Host: Yougawalla Station
Written by: Jane Sale, Manager, Yougawalla Pastoral Company.
When you hear the word “rich” do you think of money?
For Doodie (Alan) Lawford and Selena Omeara on Bohemia Downs Station, money is the one thing they are not rich with. This is the same for most pastoralists in the North the hardest thing for us with a pay day once a year when the cattle sales are on, is managing cash flow for the rest.
The richness that can be described in Doodie and Selena’s lives is more of the other meanings the dictionary gives to the adjective, that funnily enough relate to the basics in life. Rich in food, colour, culture, land, natural resources, sounds, fragrance, sense of humour, and fund of stories. Bohemia Downs Station surrounds and the people are rich in all of these things.
Doodie was born and grew up on Christmas Creek Station where his father was head stockman for 25 years. Christmas Creek Station borders Bohemia Downs which he and his family now call home once again. Doodie’s Grandfather, Bert Lawford was manager and part owner of Bohemia Downs Station and was a kartiya (whitefella).
Doodie’s father Eric Lawford was taken away by Fitzroy Police when he was five years old. He was taken to Derby then in a container on a cattle boat with four other children down to Fremantle and then onto the Moore River Settlement near Perth. The Native Administration Act in those days called for half caste children to be taken away from their families and sent to Government institutions such as Moore River.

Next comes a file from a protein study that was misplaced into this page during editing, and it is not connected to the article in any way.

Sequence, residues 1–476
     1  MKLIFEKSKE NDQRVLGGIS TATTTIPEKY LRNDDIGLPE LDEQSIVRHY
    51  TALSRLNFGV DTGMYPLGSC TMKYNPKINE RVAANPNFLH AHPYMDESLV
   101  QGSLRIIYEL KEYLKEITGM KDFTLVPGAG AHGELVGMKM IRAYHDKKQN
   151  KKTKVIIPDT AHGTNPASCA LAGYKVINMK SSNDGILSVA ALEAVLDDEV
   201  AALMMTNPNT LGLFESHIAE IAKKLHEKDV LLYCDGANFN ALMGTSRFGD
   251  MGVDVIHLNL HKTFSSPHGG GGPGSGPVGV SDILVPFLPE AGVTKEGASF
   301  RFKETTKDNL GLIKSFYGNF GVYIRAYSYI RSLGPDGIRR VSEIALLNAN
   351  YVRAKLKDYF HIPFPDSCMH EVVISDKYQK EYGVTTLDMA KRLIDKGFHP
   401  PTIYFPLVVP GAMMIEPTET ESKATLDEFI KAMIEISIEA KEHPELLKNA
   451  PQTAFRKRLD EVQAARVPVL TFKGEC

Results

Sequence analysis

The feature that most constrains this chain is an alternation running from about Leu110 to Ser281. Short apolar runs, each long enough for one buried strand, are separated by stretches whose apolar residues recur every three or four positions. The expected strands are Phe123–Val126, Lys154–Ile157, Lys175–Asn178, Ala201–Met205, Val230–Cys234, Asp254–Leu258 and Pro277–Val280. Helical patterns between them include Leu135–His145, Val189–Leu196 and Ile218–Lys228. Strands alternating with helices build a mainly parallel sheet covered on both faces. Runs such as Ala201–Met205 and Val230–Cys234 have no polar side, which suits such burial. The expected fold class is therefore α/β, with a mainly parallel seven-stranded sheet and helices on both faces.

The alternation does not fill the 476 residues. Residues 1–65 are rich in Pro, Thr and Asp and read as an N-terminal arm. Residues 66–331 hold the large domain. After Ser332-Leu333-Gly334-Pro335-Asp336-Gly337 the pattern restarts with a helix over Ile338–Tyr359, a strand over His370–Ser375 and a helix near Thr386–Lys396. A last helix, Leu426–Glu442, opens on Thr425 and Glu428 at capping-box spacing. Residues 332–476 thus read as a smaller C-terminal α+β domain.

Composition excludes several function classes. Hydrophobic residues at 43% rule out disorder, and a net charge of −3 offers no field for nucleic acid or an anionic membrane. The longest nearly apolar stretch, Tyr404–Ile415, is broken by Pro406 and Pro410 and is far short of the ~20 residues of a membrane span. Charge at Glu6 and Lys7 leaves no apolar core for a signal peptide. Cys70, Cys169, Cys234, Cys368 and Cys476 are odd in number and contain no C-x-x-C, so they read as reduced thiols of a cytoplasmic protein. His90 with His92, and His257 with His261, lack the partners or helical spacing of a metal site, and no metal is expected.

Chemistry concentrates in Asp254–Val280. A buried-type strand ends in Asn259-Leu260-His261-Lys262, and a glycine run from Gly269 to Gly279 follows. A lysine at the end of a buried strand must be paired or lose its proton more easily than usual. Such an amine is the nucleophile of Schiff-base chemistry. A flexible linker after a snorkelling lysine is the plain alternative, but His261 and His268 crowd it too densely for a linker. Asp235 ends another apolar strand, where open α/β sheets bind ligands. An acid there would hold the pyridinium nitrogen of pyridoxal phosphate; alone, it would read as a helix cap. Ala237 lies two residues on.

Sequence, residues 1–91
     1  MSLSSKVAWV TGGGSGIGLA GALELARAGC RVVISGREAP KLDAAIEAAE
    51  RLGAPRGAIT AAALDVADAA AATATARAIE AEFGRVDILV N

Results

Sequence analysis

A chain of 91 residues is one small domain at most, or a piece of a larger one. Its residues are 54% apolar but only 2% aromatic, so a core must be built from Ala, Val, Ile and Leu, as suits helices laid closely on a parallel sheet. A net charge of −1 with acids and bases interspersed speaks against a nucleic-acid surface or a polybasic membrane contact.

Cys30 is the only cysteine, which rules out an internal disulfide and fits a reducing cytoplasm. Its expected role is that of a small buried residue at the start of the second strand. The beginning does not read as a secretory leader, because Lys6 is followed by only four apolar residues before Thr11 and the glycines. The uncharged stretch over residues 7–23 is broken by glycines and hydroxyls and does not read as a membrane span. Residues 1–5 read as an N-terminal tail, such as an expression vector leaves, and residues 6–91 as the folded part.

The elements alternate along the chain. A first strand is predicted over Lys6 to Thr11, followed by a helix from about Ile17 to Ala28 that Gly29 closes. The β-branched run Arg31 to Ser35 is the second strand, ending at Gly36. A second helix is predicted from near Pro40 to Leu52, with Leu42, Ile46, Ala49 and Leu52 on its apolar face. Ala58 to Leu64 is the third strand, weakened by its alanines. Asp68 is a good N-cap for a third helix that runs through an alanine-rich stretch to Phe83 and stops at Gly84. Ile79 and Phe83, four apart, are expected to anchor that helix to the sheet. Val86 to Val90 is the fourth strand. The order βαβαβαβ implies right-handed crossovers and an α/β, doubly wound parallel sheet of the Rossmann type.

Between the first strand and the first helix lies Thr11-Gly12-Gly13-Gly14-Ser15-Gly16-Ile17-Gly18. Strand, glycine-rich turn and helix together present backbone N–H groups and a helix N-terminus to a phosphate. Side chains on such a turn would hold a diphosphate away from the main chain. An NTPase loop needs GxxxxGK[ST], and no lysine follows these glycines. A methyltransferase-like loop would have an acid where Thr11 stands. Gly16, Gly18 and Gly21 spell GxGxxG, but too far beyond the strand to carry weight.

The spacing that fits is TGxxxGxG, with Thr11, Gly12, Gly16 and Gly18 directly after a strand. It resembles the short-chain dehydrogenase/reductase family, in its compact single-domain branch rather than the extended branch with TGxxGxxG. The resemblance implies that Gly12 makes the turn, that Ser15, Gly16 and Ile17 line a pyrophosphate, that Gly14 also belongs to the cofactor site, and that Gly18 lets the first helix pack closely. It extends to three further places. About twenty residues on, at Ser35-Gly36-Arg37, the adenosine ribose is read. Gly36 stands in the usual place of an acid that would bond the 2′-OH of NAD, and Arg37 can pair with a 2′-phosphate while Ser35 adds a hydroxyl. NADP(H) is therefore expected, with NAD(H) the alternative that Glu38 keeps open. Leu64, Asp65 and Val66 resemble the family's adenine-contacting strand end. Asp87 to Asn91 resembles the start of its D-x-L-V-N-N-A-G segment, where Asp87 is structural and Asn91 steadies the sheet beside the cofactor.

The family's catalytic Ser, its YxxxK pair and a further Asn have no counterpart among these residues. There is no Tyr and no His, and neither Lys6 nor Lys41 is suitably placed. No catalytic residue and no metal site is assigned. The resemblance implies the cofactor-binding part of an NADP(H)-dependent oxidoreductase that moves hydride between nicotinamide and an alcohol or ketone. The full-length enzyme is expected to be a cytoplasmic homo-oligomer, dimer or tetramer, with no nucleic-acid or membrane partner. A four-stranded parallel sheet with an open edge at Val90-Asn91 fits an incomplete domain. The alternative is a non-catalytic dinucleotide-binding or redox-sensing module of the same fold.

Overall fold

At 14 years old Eric was allowed to head back North and made his way home to the Christmas Creek and in 1944 started working at Chritmas Creek Station as a Jackaroo where he learnt his stock skills and every job in between. Eric eventually became head stockman at 17 years old. It was here on Christmas Creek that Doodie and his brothers and sisters were born. They grew up there and were schooled via Kimberley School of the Air in the community until Grade Six and then he was sent to Fitzroy Crossing to go to High School. At this time the school had an educational program similar to a TAFE that taught skills such as mechanics and stockwork to the boys and home economics and needle craft to the girls. Doodie did work experience on Stations such as Laurel Downs, Brooking Springs, and Jubilee where the love of stockwork that he’d had from watching his Dad at a young age grew.
In the 70’s Doodie went down to Perth Technical College and lived in Claremont. “I was a city Slicker for 5 years.” But the call of his country, like his father had him back up North and working as a stockman in the North West and right across to the Northern Territory.
In 1992 Doodie’s father, Eric was handed back his station from the Australian Government. Doodie couldn’t wait to roll up his swag and came home to Bohemia Down Station that was run down and overgrown with wattle “they used to call it Wattle Downs. When I got here the station didn’t have any money. You know we had pocket money and we put our chuck in money altogether. I went to the hardware store and said I have enough for 20 axe. First thing we cleared was the whole community area. Dad was living here in that blue house, so we just built around him . . . A lot of history here.”
Doodie was given a three month trial as the Station Manager when he came home and he said that three months felt like 25 years. Well now it has been 25 years for Doodie as manager and like the rest of the Stations over those years Bohemia Downs has had its ups and downs.
To be continued tomorrow.